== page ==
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Study Skills: Lizzie Moore, Ed.M.

By Lory Hough, on January 8, 2017 4:00 AM

Lizzie MooreYes, Lizzie Moore owns overalls and can drive a tractor. (The compost spreader is her favorite.) And yes, with the rise of CSAs and glossy magazines like Modern Farmer, she admits there’s a hip factor to farming these days. But none of these are the reasons she left the classroom to start her very own farm on seven acres in Napa, California.

“I always loved the outdoors,” says Moore, a student in the Specialized Studies Program who is here learning about place-based food entrepreneurship programs. “I always wanted to teach outdoors.” With BOCA Farm, that’s exactly what she’s doing. After getting the farm up and running, she circled back to her former school, Blue Oak Elementary, also in Napa, and created a partnership that brings students into the fields for extended periods.

“Most of the time, there are one-off field trips where students learn for a day where food comes from,” she says. “That’s the drive-by approach, where you don’t get the emotional and practical aspects. You don’t see what happens when it rains or there’s frost.”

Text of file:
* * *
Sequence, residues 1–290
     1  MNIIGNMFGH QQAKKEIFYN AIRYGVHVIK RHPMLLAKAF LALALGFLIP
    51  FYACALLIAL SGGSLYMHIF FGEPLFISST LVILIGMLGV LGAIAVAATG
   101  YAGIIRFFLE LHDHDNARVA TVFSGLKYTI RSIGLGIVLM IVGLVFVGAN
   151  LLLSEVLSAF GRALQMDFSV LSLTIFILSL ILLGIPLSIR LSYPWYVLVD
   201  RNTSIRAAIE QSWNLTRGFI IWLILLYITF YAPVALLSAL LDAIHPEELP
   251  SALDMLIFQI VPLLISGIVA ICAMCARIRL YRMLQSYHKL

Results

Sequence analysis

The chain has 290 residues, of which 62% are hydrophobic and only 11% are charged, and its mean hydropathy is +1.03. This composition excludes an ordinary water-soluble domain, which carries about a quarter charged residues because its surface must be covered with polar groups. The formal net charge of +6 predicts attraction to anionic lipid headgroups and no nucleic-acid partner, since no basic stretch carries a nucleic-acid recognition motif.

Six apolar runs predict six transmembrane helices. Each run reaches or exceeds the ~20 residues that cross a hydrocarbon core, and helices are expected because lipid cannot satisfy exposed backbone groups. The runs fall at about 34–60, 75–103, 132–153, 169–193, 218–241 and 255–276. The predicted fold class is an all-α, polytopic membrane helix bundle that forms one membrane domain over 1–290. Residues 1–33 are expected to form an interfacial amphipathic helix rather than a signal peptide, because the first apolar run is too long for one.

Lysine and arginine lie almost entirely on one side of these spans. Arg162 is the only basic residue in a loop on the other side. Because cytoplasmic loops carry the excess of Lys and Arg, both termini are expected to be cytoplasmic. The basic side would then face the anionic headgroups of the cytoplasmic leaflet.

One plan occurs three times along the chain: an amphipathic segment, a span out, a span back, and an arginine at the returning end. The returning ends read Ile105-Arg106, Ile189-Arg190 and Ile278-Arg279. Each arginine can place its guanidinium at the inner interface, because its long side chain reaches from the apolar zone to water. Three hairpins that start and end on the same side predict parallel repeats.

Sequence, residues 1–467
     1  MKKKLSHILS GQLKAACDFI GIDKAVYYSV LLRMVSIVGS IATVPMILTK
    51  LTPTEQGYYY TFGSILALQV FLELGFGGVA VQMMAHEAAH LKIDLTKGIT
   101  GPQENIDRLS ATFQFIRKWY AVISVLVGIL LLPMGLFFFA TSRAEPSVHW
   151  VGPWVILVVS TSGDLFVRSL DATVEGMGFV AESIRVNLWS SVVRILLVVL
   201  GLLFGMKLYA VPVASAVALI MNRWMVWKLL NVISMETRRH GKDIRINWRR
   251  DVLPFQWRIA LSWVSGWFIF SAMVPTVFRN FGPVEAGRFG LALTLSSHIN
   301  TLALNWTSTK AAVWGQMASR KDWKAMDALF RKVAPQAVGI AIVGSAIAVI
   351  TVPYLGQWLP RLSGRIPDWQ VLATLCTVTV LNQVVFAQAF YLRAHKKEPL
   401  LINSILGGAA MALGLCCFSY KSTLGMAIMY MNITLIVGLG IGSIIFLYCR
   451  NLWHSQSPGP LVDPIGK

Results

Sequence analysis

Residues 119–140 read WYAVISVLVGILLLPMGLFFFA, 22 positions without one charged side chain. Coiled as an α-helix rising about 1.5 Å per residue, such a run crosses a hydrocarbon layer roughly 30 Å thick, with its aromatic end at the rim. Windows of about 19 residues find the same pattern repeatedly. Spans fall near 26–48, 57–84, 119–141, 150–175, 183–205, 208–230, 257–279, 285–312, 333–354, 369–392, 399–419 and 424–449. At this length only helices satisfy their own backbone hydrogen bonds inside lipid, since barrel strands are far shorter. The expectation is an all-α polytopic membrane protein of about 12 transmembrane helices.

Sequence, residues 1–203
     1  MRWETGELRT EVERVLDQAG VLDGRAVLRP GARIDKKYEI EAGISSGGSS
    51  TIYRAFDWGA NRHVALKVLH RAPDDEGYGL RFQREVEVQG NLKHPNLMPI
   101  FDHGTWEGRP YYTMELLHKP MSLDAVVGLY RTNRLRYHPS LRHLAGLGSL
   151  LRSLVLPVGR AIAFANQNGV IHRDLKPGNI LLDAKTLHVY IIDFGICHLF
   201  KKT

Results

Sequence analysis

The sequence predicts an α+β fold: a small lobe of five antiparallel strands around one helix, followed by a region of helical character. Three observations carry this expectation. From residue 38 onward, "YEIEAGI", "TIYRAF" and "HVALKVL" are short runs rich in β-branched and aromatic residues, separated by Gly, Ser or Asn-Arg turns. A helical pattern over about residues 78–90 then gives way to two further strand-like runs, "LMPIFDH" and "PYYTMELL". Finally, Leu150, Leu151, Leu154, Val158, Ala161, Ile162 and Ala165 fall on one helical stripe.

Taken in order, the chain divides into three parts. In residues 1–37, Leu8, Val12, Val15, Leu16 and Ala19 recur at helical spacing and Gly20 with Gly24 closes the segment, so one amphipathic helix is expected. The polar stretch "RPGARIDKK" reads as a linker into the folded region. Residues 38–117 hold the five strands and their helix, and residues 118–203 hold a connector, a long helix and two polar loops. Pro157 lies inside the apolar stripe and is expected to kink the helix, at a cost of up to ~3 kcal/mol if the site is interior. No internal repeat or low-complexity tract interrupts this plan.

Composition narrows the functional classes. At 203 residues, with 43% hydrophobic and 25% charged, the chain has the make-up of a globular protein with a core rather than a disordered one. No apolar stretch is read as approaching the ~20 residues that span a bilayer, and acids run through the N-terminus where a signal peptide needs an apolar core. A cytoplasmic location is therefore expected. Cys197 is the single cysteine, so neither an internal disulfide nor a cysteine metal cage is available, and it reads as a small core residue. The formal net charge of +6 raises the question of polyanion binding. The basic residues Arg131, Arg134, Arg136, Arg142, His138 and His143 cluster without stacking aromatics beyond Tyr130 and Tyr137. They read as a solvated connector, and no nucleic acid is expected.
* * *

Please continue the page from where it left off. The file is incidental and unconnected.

Instead, at BOCA, fourth- and fifth-grade students and teachers spend a full 10 school days per semester at the farm, fully participating in the farm’s operation. For Moore, this means putting her teacher’s hat back on.

“I help teachers develop ideas and goals, which is a highlight — teaching based on what’s in season! I also instruct students. The farm classroom is full of surprises: cherry tomatoes that taste like candy, a jackrabbit that suddenly pops out from behind a squash vine, a volunteer crop from the prior season.”

Her favorite part of these days, she says, is realizing how the simplest activities can spark questions and creativity.

“I’ll never forget when a group of students spent almost half a day digging a hole. They wondered why the consistency and color of the soil changed as they dug and why the moisture content was higher deeper down. They strove to identify all sorts of bugs and roots,” she says. “They brought their questions back to the classroom, where they researched and recorded their findings. Back at the farm, the kids felt a newfound sense of connection to the site, and their next round of questioning became more sophisticated: What would happen if we used the deeper soils to germinate seeds? What is the mineral content of the deepest soil? How do farmers test their soil? I asked myself: Who knew that a shovel could be such a powerful learning tool?”

Photograph by Jonathan Kozowyk